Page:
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Building Moats, One Chip at a Time

Chipmakers today are carving out competitive advantages through their proprietary chip designs, high customer switching costs, and exposure to the burgeoning market for electronic systems in vehicles.

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Brian Colello: Often in technology, investors are skeptical of economic moats because of the constant fear of disruption. But for a variety of reasons, we don't see this in analog semiconductors. Our review of the industry looks at several firms with wide and narrow economic moats, such as Analog Devices (ADI), Linear Technology (LLTC), Microchip (MCHP), Maxim Integrated (MXIM), and Texas Instruments (TXN).

Looking at the industry, we think these firms have built economic moats based upon intangible assets around proprietary chip designs. This expertise is based off of decades of work from talented engineers. We view analog-chip design as more of an art than a science. We think it takes years of trial and error for these chipmakers rather than simply shrinking transistor sizes or learning designs from a textbook.

The second source of economic moat that we see in the analog space is from switching costs. Analog chips are low-priced parts--often less than one dollar--so design wins are often based on performance rather than price. When customers select an analog part, they tend to stick with it for the life of the product. The economics to switch to a competing part rarely makes sense, and the engineer will rarely run the risk of using a lower-quality part just to save a few pennies on a chip.

Looking at growth opportunities in analog, we see the automotive end market as most promising. The short story here is that analog chips are key components in the rising secular trend of increased electronics content per car, whether it's advanced safety systems (like radar, blind-spot detection, lane-departure warning, and parking assist), whether it's the rise of increasingly advanced "infotainment" systems--both in mass-market cars and luxury cars--increased connectivity solutions throughout the car, or more advanced powertrains--both in gas-powered cars and also hybrid and electric vehicles. We think demand will be supported for all of these products all across the value chain.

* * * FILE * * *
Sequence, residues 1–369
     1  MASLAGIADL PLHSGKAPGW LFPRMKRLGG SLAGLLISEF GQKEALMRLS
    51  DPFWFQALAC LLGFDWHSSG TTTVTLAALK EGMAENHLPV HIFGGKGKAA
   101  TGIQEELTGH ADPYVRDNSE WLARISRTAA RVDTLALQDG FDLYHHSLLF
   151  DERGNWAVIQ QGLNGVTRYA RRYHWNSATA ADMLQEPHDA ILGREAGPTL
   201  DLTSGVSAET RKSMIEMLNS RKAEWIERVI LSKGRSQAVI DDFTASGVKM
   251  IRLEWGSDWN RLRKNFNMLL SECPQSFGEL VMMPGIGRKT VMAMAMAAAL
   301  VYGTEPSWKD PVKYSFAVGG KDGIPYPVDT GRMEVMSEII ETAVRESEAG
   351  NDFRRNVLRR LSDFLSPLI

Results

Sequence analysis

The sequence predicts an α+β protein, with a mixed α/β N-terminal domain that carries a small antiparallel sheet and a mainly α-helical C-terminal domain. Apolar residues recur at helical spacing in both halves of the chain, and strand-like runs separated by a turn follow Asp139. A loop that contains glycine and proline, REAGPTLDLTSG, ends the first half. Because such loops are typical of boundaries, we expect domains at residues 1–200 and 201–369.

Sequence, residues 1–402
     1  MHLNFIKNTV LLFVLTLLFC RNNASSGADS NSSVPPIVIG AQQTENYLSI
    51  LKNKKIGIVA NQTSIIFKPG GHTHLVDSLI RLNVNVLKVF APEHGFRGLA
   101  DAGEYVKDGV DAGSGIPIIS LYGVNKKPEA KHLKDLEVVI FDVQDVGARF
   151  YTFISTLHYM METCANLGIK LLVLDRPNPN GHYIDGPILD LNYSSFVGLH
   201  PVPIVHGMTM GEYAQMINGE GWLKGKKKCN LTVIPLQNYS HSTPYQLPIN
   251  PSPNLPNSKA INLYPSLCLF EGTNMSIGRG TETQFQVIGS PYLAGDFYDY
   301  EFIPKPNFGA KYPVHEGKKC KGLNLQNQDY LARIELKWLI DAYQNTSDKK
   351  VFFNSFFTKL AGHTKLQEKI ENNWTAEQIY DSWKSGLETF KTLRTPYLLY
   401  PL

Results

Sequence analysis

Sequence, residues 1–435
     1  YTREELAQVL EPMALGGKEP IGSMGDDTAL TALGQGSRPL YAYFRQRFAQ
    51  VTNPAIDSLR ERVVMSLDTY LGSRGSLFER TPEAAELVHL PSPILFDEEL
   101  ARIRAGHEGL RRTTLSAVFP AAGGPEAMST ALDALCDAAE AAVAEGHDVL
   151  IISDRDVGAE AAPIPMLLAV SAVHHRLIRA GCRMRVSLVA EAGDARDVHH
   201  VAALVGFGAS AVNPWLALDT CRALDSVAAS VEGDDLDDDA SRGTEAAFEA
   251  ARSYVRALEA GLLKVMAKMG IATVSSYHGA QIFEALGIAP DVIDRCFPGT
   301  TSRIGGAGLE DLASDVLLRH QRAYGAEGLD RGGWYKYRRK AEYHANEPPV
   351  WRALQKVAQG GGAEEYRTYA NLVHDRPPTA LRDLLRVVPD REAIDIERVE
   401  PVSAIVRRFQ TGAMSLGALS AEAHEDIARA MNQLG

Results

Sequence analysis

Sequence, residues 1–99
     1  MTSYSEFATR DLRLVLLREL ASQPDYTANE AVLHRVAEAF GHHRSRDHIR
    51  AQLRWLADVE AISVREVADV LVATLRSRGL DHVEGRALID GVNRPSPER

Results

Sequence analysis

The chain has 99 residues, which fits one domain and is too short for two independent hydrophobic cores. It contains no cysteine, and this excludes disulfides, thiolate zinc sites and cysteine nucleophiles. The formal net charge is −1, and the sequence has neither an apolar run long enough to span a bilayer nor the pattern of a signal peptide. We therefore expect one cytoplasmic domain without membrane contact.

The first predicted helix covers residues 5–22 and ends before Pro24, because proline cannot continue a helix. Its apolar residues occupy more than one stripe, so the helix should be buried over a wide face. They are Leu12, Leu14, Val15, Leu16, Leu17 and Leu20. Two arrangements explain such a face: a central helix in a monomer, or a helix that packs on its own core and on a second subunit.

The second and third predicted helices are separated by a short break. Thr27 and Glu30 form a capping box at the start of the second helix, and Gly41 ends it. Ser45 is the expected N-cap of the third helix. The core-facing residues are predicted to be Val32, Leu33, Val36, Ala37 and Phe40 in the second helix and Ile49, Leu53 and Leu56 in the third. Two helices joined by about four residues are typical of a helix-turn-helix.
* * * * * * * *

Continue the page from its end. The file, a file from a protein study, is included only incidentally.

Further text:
Governments are mandating safety features and fuel efficiency. Automakers are using these features as differentiators as they compete with one another. The auto-parts makers get to sell more advanced content, and consumer demand for this increased technology is favorable, while the demographics are favorable among consumers.

Picking stocks, we didn't see attractive buying opportunities in analog for the past couple of years; but in recent weeks, we've seen a bit of a sell-off. We're starting to see a margin of safety in a high-quality name like Linear Technology, at or below $40 per share. We also like Infineon Technologies (IFNNY), which is a no-moat name, but it's trading about 20% below our fair estimate--both in European and U.S.-traded shares. In addition, Infineon has terrific exposure to this fast-growing automotive market.

Just as important, the industry is cyclical, and sentiments can change quickly. So, we'd buy most of these firms with a larger margin of safety if we do get to see a bigger pullback.

Brian Colello does not own (actual or beneficial) shares in any of the securities mentioned above. Find out about Morningstar’s editorial policies.